This is a practice question for my exam tomorrow: Let

$$I_n = \int_0^1 e^tt^ndt$$ where $n$ is a non-negative integer. Assume the following results:

$$I_{n+1} = e - (n + 1)I_n$$ $$I_n = (-1)^{n + 1}n! + e\sum_{r = 0}^n (-1)^r\frac{n!}{(n-r)!}$$ $$\frac{1}{n+1}\le I_n < \frac{e}{n} ~~~\text{for all $n \ge 1$}$$

Use the above results to prove that $e$ is irrational.

The only thing I can think of is to use the pinching theorem on the last result to argue that

$$I_\infty = 0$$

as $n \to \infty$.

I'm more or less caught in a pinch afterwards (heh).

  • $\begingroup$ If $e$ were rational, what would the denominator of $I_n$ be, according to result #2? $\endgroup$ – ziggurism Jul 10 '14 at 13:44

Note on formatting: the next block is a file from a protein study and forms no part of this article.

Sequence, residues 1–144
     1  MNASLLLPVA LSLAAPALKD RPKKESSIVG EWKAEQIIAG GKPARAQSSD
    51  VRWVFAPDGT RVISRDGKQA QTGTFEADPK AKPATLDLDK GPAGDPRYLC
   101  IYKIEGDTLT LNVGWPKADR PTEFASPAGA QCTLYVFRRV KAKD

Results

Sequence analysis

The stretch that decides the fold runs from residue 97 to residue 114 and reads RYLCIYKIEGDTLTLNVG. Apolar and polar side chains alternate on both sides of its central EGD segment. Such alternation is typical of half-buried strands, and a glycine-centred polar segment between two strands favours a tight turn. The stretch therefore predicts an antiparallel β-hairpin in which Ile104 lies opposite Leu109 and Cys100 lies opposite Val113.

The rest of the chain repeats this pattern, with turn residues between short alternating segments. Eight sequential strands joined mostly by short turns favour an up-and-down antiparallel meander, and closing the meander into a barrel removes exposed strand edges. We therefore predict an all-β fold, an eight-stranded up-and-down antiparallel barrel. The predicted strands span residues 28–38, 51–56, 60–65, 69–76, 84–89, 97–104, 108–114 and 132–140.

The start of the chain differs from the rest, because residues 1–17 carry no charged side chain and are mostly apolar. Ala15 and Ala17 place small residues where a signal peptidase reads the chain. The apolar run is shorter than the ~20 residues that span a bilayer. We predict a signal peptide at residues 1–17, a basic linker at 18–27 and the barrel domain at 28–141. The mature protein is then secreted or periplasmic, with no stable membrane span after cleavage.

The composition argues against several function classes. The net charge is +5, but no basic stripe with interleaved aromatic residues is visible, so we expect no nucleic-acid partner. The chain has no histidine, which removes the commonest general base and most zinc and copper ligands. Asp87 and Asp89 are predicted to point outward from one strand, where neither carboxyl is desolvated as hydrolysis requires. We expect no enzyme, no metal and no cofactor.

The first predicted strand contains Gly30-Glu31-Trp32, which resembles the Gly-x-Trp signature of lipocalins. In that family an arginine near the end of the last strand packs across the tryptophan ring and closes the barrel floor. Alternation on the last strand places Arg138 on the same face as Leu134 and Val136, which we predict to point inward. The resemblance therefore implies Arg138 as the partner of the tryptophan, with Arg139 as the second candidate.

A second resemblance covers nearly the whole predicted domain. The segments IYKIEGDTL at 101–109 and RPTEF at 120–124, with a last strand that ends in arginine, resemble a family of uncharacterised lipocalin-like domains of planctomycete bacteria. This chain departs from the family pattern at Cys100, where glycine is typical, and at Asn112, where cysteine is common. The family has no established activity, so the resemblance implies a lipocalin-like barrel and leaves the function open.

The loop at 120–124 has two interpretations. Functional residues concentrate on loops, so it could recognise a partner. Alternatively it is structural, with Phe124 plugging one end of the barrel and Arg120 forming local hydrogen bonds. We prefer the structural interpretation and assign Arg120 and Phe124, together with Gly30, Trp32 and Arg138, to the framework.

Assume $e=a/b$ for $a,b \in \mathbb{N}$.

Then, multiplying your second equation by $b$, that would imply that $I_n b\in \mathbb{N}$ for all $n$ (the RHS is an integer).

But taking your third equation, and picking $n=a$, we'd get $I_n b < 1$. Contradiction.


Your Answer

By clicking “Post Your Answer”, you agree to our terms of service, privacy policy and cookie policy

Not the answer you're looking for? Browse other questions tagged or ask your own question.